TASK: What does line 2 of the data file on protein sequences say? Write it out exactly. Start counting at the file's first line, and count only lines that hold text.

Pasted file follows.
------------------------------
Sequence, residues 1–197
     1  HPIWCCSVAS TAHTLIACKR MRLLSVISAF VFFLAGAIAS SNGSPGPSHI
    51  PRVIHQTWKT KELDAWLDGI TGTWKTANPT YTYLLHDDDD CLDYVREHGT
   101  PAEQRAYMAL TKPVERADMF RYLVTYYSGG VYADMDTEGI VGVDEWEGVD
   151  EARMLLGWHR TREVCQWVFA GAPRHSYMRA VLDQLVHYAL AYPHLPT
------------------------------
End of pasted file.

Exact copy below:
     1  HPIWCCSVAS TAHTLIACKR MRLLSVISAF VFFLAGAIAS SNGSPGPSHI